Reid is in her third year of hockey but this is the first year of actually playing hockey games. For two years, her coaches had the kids working on the fundamentals: skating, standing up after you fall, holding your stick properly, shooting a puck, and these sorts of things. Very occasionally, they would throw a puck or two down and tell the kids to try to “score” on one of two nets. This year, though, there are games and the coach has to get between 13 and 15 seven-year-olds organized into lines and working toward a common objective.
Each game they have three things to remember: shoot and chase, watch offside calls and change lines on the fly. No. Please don’t stop reading because you aren’t interested in hockey. I’m about to tell you why these distilled bits of wisdom will help with weight loss and fitness.
Shoot and chase: The kids aren’t proficient puck handlers yet. It’s better for them to start the puck going in the right direction and then try to catch up to it or have a teammate move it forward. When you’re trying to lose weight, it’s hard to manage many decisions and keep cravings and temptations from taking your good intentions away from you. If you plan your meals ahead and then try to stick with them, or have a friend keep you on track, you’ll have greater success overall.
Offside calls: In hockey, the offensive players can’t cross a line before the puck does or they’re “offside“. When they do, they have to skaters have to come back out of the other team’s end and wait for the puck to go in. Sometimes, when we’re trying to lose weight, we also cross a line – usually the line between a healthy portion and too much but also the line between a choice we’ll regret and one that enables weight loss. The best approach at this point is to circle around to the side of the line where we should be and continue playing. I’m pretty sure that the hockey players who cross the line aren’t wracked with guilt and never consider giving up the rest of the game. They just get on with what they were supposed to be doing.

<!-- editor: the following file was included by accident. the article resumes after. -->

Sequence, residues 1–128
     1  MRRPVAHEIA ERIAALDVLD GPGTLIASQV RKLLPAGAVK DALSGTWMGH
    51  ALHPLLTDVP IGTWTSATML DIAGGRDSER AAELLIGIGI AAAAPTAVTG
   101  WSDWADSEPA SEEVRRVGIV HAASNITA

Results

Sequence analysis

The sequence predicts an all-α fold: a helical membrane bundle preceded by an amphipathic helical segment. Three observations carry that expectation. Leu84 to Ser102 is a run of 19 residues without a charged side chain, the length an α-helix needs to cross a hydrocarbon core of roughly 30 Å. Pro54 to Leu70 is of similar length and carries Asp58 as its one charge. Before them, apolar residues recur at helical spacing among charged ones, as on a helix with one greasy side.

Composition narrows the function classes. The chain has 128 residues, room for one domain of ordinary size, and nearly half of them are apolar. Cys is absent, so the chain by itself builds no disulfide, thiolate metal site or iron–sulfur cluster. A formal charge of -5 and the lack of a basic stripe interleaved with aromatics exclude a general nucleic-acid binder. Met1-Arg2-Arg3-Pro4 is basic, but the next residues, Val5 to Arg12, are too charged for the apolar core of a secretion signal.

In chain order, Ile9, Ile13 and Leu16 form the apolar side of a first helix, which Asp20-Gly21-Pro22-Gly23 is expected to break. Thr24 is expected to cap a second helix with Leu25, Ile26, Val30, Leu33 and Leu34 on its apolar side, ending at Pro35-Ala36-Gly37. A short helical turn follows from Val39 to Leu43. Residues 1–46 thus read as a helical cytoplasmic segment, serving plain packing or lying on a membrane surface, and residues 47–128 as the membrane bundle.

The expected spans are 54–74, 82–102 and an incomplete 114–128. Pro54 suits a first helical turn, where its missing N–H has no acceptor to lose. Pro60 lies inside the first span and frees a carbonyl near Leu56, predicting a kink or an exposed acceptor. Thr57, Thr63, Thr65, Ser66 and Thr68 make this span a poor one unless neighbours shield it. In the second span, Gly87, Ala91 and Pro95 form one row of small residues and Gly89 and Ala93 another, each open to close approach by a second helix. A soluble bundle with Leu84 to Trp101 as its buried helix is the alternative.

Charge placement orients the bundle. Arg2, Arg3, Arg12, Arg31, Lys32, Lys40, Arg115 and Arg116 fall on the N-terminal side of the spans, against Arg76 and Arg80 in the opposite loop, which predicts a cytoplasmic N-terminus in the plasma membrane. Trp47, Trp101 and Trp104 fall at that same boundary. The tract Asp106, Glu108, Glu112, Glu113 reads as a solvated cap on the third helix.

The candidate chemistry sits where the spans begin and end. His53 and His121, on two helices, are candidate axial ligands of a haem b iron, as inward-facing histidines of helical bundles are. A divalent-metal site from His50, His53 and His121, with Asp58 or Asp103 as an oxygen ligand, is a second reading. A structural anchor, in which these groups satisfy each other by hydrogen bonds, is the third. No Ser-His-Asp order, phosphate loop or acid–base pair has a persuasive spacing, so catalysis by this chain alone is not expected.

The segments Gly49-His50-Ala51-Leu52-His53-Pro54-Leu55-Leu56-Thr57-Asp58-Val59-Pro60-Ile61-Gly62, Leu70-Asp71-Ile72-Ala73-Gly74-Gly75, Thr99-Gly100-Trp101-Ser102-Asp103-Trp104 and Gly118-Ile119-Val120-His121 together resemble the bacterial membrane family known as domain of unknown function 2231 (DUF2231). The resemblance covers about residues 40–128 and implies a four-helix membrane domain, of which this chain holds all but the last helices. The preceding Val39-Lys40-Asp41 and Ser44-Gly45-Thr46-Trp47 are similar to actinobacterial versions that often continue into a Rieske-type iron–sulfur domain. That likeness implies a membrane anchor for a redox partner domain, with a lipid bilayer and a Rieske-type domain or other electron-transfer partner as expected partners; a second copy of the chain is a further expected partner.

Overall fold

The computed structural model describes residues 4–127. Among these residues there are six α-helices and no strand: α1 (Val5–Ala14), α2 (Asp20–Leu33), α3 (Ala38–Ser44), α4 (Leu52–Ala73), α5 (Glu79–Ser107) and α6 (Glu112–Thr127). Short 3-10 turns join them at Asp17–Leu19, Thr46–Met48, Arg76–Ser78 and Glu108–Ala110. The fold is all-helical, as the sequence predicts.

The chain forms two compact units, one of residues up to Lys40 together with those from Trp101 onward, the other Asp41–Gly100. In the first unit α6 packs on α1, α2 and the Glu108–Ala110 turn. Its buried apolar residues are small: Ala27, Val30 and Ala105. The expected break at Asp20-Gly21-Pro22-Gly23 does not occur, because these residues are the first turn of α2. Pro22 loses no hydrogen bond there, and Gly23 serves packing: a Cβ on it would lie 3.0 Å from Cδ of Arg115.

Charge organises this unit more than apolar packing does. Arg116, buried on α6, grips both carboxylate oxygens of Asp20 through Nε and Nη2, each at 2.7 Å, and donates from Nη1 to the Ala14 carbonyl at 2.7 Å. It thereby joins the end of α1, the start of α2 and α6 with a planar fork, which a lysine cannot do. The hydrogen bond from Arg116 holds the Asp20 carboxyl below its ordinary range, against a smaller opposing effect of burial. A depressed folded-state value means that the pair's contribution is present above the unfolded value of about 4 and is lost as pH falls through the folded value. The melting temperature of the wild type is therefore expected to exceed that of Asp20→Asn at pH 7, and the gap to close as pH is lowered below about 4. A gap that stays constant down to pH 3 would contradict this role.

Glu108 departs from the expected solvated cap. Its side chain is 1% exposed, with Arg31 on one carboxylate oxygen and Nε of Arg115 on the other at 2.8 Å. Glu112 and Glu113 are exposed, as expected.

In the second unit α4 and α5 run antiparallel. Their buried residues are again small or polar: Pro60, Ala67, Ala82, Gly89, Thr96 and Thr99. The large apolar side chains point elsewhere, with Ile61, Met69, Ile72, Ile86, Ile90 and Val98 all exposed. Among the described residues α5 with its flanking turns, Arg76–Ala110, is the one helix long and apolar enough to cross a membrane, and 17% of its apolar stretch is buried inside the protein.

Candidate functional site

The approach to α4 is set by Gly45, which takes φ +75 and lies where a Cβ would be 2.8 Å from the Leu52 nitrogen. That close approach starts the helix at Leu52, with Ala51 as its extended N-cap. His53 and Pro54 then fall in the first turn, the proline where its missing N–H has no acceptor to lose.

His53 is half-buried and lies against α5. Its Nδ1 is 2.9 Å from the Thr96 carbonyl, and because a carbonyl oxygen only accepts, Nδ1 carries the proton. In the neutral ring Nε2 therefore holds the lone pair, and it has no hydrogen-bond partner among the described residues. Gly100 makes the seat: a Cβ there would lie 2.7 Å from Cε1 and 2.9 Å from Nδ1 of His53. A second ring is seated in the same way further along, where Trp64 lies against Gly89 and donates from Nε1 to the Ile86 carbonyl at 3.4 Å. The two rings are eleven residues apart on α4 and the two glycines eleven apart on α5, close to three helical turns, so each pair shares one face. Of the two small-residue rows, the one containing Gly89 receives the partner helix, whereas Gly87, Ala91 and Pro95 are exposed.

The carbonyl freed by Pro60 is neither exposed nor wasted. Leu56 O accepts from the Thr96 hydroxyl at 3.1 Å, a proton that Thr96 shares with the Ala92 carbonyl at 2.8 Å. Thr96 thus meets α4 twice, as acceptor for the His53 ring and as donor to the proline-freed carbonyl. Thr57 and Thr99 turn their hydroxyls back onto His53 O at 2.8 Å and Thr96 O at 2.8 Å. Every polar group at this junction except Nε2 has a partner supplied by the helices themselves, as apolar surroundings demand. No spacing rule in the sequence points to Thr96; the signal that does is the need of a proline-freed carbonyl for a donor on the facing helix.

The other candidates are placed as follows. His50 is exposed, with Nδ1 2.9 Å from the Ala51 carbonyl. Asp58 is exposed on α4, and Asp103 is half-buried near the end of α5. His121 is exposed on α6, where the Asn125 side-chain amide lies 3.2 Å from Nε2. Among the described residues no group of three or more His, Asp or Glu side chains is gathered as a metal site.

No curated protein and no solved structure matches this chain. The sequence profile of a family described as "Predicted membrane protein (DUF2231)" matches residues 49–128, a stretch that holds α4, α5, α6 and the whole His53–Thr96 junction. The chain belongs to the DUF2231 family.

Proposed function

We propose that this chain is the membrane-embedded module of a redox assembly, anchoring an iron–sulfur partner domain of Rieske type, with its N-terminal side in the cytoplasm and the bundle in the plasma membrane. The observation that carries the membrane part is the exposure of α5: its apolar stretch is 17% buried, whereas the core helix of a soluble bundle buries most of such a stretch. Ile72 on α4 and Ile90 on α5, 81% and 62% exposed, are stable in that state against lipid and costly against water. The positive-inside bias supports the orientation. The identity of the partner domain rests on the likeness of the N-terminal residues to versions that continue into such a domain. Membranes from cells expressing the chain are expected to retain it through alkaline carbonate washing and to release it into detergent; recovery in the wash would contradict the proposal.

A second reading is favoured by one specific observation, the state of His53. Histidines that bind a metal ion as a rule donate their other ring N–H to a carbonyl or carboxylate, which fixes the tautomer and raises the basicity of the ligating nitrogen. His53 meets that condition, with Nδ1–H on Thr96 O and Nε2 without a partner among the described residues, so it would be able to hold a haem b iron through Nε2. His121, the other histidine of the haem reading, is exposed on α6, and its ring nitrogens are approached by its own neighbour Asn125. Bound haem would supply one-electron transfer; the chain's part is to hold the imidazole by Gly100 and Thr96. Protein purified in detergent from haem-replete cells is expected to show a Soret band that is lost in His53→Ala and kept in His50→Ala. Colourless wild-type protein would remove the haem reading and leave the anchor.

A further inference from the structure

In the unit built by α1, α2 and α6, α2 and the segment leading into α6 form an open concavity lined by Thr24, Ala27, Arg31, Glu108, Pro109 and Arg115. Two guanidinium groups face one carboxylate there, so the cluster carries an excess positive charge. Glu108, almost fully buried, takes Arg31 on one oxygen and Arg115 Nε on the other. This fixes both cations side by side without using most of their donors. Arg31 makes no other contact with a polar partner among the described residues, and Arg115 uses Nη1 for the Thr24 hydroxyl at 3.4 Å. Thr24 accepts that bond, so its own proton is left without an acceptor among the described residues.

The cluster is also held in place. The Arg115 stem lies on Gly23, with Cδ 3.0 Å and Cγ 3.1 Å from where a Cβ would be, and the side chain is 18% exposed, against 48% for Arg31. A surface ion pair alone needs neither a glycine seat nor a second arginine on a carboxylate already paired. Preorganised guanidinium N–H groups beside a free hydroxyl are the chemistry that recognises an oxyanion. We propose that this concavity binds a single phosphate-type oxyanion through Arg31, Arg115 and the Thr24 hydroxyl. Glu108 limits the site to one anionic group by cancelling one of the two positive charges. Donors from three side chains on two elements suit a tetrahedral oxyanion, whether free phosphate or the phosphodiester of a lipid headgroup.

Change lines on the fly: Playing hockey is tiring business. When you’re seven, though, it’s hard to recognize that you should voluntarily give up your turn and rest. It’s hard, too, for adults who are focused on losing weight, getting fit, raising kids or planning weddings, working, crafting and doing a million other things to recognize that they need a break. Whether it’s the occasional indulgence (think of Jenn’s Good vs Bad post) or trying for a good night’s sleep (as Karine talked about in On Sleeping), we need to give ourselves a break now and again. Life, like a ref’s whistle, will sometimes force us to take the break but we’ll do so much better when we listen to our bodies rather than waiting for an external cue.
Have you learned something in another part of your life that helps you with weightloss or fitness?
Tale of the scale
Nothing to report. No change, only much frustration with myself for not being more attentive. Folks, I need a kick in the butt in this regard.
Oh, the embarassment. I ran once. That’s it. The rest of my time was taken up with living, spending a great weekend with my mom and brother in town and sleeping. I guess I need a workout buddy downtown. Maybe Pam would join me at Goodlife on Queen? Maybe you would?